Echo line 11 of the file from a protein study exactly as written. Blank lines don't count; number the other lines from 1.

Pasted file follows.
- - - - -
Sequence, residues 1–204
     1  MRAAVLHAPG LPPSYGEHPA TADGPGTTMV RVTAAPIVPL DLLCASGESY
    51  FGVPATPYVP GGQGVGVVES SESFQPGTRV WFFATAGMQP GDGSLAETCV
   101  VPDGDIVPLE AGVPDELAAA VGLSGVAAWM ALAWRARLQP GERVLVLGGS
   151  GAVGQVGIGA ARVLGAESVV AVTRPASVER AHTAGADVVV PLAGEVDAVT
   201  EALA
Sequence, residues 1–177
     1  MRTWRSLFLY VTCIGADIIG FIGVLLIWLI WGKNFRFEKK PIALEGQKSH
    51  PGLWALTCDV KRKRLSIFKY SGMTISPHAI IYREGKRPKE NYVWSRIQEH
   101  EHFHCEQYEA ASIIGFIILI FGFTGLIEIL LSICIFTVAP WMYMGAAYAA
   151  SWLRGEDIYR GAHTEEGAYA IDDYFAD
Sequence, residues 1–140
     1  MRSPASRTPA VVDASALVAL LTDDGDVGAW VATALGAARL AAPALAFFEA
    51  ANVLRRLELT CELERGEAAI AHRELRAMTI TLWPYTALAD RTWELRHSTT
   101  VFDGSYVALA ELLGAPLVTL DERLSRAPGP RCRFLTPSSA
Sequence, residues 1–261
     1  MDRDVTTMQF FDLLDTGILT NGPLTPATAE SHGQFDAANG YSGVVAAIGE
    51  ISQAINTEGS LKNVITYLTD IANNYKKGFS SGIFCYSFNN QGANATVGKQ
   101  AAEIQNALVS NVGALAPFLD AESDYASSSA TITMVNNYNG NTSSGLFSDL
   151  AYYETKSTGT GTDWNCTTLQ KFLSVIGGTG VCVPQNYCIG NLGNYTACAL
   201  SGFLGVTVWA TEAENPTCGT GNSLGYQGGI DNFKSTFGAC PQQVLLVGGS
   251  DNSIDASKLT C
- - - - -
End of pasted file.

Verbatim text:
   151  SWLRGEDIYR GAHTEEGAYA IDDYFAD